Comparing the Remake of BEN HUR with the Book and 1959 Classic
Source: Frontline Fellowship
Ben Hur – A Tale of the Christ by General Lew Wallace, published by Harper and Brothers, on 12 November 1880, has been considered one of the most influential Christian books of the 19th century. By 1946, over 26 million copies of the classic book had already been printed and sold.
Numerous stage and film adaptations of this best-selling novel were spectacularly successful. In 1899, the Broadway Theatre sold 25,000 tickets per week. One stage adaptation was seen by 20 million people. Author Lew Wallace was, at first, resistant to the requests to dramatize the book as a stage play, arguing that no one could realistically portray Christ on stage. Dramatist William Young suggested a solution to represent Christ with a beam of light, whereupon Wallace signed an agreement.
The Need to Honour Christ in Film
Envisaging that the time would come when film makers would want to put the book to film, Lew Wallace specified in his Will, that the face of Christ should never be depicted. This was honoured in the film adaptations of 1925 and 1959. However, it has definitely not been honoured in this latest 2016 version.
The Greatest Film Ever Made
The 1959 film adaptation of Ben Hur was shot on location in Italy. At a cost of over US$15 million, the most expensive film ever produced to that date, the MGM production included: 100 wardrobe fabricators, 200 artists, 200 camels, 2,500 horses, 10,000 extras. Ben Hur became the second highest grossing film in history (after Gone With the Wind). Ben Hur won a record 11 Academy Awards, and has often been hailed as one of the greatest films ever made. Its spectacular sea battle and intense chariot race became some of cinema’s most famous sequences and most exciting stunts ever filmed.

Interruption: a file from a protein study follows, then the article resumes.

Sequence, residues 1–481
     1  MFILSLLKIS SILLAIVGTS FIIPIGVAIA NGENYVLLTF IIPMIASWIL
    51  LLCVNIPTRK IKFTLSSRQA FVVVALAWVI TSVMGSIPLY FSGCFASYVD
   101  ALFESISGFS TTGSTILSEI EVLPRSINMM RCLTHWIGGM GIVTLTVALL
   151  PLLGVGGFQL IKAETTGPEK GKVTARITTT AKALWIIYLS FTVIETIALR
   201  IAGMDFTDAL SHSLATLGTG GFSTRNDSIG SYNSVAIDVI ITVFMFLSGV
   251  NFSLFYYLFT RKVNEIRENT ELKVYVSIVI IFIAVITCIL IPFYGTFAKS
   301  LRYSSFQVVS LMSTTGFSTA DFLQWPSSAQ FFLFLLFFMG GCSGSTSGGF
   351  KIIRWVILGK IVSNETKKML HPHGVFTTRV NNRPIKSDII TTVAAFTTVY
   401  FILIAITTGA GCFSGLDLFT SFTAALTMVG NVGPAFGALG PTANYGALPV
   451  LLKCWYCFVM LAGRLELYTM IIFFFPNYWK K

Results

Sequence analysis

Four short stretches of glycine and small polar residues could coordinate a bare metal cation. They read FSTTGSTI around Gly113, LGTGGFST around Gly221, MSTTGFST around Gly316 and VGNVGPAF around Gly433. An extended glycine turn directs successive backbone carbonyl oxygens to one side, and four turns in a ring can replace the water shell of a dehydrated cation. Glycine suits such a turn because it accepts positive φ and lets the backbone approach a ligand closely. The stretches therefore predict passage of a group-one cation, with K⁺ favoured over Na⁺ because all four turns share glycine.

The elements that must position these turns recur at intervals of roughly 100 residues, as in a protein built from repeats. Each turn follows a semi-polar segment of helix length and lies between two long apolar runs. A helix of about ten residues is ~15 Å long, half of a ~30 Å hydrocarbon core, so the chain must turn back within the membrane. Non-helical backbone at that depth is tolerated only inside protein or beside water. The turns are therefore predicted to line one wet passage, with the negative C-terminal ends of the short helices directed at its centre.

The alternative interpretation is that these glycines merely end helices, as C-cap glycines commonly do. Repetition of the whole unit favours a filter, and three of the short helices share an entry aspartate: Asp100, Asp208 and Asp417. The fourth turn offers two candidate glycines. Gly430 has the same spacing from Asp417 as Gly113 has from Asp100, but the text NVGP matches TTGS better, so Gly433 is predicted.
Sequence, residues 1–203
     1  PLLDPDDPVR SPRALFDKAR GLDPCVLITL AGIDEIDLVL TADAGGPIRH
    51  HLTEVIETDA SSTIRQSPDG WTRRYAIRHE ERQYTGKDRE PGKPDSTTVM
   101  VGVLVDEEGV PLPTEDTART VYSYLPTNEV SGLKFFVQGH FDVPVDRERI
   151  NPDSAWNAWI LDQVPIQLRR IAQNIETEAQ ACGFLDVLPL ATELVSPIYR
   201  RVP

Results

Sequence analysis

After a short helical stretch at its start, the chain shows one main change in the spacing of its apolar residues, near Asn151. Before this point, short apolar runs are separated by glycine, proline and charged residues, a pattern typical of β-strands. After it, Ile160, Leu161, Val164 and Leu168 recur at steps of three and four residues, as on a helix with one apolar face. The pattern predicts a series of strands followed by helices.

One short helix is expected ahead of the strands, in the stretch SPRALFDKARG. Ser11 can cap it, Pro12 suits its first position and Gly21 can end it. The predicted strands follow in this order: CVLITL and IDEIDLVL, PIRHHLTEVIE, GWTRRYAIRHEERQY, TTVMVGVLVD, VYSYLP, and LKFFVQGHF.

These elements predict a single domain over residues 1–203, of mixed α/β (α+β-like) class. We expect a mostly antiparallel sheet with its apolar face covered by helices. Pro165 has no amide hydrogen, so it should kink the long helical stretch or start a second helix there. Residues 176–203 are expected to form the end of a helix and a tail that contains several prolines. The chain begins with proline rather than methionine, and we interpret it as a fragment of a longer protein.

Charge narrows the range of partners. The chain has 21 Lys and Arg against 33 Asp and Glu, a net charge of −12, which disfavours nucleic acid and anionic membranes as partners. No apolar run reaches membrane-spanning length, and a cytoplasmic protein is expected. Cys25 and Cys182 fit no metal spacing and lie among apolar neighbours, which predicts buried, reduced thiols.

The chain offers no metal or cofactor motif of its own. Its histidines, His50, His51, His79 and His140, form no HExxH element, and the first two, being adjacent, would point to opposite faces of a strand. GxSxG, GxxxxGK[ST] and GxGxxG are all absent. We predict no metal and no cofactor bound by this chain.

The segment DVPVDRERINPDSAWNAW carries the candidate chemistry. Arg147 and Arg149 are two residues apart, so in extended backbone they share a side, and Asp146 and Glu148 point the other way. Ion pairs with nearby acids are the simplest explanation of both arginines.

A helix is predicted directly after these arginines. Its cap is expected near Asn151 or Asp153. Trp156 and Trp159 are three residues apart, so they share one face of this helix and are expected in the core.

For anyone to attempt to remake such a spectacularly successful and beloved classic as Ben Hur, may be considered fool-hardy or presumptuous. However, one would have imagined that, 58 years later, our technological advances could enable one to build on the excellent and gripping character development and story in the book and ground-breaking successes of the inspiring 1959 MGM film production.
Falls Flat on its Face
Tragically, the new Paramount/MGM production, produced by Mark Burnett and Roma Downey, fails on every level possible. Seemingly determined to break with every convention and change the story at every point, Burnett and Downey fall flat on their faces – just as their erstwhile hero, Jack Huston, playing Ben Hur, does in the opening scene of this failure of a remake. With the opening scene of Ben Hur and Messala hell-bent on beating one another in a horse race ending with Ben Hur’s face firmly planted into the soil, that symbolises the abject failure of what should have been a magnificent movie.
An Epic Failure